So you’ve got your first law job and you’re keen to put some of that legal learning into practice. If you’ve never worked in a law firm before there’s going to be a steep learning curve, and because your firm’s clients aren’t hypothetical parties from a tutorial exercise, there are a few things you’ll need to get right first time…
Most matters dealt with at a law firm have deadlines: settlement dates, filing deadlines, court appearances, etc. You need to keep track of them. Missing these can have major legal or financial ramifications for your firm’s clients. Forgetting a court date can mean the client has to pay the other party’s costs, missing a settlement could mean a monetary penalty or that the deal falls through altogether.
Ever heard of the statute of limitations? Essentially, the law stipulates how long people have to bring an action. Different types of matters have different deadlines, so do your homework. If you miss the all-important date, the client will have to go through the extra expense of getting court approval to file their claim out of time and this permission is not always granted. If you’re in New South Wales, I recommend downloading the schedule of limitation periods from Law Cover and keeping a copy at your desk.
As a paralegal you’ll be handling a lot of documents: marriage certificates, certificates of title, contracts, wills, etc. You should always know where original documents are because in many cases, a transaction cannot be completed or an application may not be successful unless original documents are available. If documents such as a certificate of title are lost, they can be replaced, albeit at additional time and expense. However, some documents, such as an original will (where the testator is now deceased) are not replaceable. Take care of any original documents in your possession as the authenticity of damaged documents is sometimes questioned.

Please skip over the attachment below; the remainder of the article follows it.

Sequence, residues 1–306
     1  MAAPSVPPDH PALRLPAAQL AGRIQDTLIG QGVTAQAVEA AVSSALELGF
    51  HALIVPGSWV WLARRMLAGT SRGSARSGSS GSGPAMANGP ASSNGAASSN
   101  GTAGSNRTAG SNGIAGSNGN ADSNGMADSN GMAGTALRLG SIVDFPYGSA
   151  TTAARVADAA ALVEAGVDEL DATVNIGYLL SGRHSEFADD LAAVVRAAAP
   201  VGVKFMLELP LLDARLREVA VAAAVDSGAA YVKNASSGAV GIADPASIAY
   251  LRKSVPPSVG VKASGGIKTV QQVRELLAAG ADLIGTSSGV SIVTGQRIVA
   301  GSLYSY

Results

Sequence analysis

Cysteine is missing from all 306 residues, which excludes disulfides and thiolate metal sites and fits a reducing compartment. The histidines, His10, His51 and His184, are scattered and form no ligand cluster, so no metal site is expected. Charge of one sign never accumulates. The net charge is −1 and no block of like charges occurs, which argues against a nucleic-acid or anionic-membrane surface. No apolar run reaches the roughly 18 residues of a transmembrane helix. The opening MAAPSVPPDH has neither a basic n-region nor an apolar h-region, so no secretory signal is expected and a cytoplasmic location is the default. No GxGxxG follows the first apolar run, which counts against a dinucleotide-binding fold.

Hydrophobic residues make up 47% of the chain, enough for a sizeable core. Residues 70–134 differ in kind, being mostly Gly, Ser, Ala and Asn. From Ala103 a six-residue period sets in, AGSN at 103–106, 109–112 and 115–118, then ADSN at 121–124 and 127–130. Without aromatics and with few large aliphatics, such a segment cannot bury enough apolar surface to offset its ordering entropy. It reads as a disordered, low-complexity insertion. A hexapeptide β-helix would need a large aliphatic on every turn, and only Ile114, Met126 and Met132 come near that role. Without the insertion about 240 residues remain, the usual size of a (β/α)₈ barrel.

I know it’s totally exciting to be working in the law and you probably have some cool matters or some interesting clients. But don’t tell everyone about it. In fact, you can’t tell people about it. Legal matters are often personal and financially sensitive. Solicitors owe their clients a duty of confidentiality. Even as a paralegal you may as well start practicing.
Don’t advise clients
A client has asked you a question about their legal position and you know the answer. It’s exciting to know the solution to a real-life legal problem, but if you’re not a lawyer yet, legally you’re not allowed to give that advice. If you haven’t finished your studies there may be relevant laws that you’re yet to learn.
Communicate with your supervising solicitor
If you don’t know how to do something, ask. It’s simple, but it avoids so many problems. When you make a mistake, tell your boss straight away. Don’t try to fix it yourself or hope that it will go unnoticed. The sooner you tell them, the sooner they can take steps to fix it.
Hopefully all those tips and worst-case scenarios haven’t freaked you out. Law firm work is a fantastic experience; supervising solicitors are often wonderful mentors and the work you do really helps to give your legal education a practical context. Take all the opportunities that come your way and know that you’ll be a lawyer soon enough!
FROM THE ARCHIVES: This story first appeared on Survive Law on 8 April 2011.
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